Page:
Last night the College of Arts and Letters at Northern Arizona University coordinated a “Humanities in Action” event to demonstrate and share the many different ways students, staff and faculty in humanities disciplines create amazing projects. I participated in presenting the VonStrausheimer Mystery game.
As part of this *presentation* I answered questions, and held discussion with many participants, students and faculty who attended to present their own projects, or to understand the humanities better (or, let’s face it were required to be there for various reasons). What I found very enjoyable about this question session was the informality allowed space for students (especially grad students) to feel comfortable asking good questions about game design, and the inclusion of games to inspire learning. I had a few undergrads who were clearly game players interested in entering the field of game design – but most questions came from interested educators who were arguably wary of inclusion of games just for the sake of games. I fielded questions about empirical evidence for the inclusion of games, the variety of clues/puzzles and learning outcomes associated with those clues/puzzles, the larger contexts ARGs could be used, the difficulty in integrating ARGs in those larger contexts, the use of ARGs in classroom……such fantastic questions. Ultimately, I hope instructors learned, or consider the many ways students are willing to engage with learning, and the way real-world problems can be and are regularly addressed by humanitarians.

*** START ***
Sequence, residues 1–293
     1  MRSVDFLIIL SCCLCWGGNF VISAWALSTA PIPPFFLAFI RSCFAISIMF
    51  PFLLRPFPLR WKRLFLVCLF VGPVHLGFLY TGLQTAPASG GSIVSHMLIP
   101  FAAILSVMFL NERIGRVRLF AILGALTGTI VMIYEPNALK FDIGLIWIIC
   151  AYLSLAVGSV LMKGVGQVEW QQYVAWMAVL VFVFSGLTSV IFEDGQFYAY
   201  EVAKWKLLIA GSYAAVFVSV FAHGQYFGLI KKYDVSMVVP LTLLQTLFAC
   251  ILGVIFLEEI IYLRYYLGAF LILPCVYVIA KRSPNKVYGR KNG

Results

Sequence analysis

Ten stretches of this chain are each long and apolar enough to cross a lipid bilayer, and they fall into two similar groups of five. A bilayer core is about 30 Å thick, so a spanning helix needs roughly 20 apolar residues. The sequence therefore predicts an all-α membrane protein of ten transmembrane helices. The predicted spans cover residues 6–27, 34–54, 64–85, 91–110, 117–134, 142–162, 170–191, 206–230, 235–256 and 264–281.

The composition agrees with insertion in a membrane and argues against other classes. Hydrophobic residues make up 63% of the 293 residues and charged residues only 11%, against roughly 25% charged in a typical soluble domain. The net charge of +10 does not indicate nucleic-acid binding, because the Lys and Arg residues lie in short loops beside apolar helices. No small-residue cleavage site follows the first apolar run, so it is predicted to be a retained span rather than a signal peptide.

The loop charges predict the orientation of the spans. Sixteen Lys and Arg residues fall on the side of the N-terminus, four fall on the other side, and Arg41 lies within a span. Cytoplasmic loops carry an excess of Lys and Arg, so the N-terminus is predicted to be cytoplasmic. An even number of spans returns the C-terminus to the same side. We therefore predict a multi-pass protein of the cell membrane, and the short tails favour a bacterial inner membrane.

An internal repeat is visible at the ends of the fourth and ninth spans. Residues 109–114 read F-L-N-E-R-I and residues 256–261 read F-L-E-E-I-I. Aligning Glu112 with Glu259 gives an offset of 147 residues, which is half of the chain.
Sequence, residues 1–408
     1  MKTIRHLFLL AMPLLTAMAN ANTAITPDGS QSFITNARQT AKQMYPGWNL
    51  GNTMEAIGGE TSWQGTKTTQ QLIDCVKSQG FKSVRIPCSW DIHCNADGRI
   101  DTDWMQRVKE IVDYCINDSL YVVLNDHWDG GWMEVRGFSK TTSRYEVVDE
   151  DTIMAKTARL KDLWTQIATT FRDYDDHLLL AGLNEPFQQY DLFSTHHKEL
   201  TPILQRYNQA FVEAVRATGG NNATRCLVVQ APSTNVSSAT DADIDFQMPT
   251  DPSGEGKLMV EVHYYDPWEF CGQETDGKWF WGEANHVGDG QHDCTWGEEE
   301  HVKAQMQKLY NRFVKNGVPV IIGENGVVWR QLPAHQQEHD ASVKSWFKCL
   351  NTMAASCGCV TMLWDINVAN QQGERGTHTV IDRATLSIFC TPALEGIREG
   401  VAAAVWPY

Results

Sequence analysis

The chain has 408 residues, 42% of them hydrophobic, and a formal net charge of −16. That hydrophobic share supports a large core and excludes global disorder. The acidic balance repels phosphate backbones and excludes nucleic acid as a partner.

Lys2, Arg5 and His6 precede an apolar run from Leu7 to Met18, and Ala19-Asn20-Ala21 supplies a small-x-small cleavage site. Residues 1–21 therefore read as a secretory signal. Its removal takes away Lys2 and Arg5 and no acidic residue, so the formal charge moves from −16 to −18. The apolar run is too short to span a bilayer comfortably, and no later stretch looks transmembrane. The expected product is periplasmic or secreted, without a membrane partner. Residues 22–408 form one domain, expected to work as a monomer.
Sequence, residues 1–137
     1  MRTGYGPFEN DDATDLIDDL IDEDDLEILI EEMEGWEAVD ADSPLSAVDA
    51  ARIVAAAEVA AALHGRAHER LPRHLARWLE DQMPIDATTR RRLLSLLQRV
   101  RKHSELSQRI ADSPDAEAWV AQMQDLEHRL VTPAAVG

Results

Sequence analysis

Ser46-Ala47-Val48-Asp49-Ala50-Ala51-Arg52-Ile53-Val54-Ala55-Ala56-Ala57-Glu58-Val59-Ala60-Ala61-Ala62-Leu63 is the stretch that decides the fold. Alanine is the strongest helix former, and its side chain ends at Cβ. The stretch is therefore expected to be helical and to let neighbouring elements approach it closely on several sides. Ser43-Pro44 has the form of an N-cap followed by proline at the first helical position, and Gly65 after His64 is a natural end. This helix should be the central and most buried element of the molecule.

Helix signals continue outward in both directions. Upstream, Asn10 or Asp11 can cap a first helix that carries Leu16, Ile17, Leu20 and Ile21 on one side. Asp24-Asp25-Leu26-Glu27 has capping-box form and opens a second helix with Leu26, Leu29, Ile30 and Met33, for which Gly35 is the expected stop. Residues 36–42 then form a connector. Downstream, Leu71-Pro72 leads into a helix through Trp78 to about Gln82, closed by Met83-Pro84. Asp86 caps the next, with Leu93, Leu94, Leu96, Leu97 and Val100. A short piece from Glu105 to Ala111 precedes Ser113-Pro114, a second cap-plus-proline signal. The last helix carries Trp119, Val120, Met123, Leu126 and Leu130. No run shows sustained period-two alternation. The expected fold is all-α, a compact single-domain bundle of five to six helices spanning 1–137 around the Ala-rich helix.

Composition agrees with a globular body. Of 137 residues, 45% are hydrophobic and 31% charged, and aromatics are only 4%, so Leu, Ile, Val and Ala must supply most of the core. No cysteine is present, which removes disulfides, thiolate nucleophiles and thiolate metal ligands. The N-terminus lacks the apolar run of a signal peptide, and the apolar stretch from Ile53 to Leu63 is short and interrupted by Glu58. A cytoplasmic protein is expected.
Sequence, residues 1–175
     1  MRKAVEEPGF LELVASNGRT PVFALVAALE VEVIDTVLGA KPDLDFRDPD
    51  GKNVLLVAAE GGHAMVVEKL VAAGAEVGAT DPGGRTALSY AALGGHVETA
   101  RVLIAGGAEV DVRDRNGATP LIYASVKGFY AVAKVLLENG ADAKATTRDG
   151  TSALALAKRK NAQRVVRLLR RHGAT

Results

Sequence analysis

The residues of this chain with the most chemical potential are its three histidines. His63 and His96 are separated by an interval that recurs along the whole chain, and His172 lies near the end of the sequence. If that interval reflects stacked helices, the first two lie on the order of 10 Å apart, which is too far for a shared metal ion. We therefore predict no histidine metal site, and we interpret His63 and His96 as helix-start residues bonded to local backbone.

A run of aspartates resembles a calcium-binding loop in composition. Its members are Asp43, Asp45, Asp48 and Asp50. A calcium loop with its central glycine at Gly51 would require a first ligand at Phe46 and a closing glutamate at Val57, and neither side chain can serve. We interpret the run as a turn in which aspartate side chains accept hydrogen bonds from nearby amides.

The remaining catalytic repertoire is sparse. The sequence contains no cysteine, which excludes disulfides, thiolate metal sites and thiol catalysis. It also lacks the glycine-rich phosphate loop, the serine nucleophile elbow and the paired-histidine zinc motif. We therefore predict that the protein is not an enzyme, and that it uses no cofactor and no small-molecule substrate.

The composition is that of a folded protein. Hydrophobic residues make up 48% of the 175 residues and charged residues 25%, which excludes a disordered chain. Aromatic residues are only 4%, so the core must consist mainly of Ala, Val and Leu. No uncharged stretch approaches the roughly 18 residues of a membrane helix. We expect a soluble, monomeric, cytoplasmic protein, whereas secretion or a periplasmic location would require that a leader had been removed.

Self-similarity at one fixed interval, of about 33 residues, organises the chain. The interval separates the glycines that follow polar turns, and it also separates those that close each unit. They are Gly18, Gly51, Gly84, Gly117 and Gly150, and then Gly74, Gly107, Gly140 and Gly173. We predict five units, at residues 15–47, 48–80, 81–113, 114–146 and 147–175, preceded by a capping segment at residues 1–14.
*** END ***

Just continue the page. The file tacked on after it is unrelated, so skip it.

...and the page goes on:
Why humanities you ask……because we care about the human condition!
This was by far the most common phrase, and the most important phrase circulating at the event yesterday. I hope many take this idea to heart. To solve real-world problems humanities majors should be involved, consulted. We may not be able to code a website (although some of us can and many of us can figure it out), we can ask the questions that need to be asked to ensure possible approaches, outcomes, ideas fit the needs assessed for solving the problem!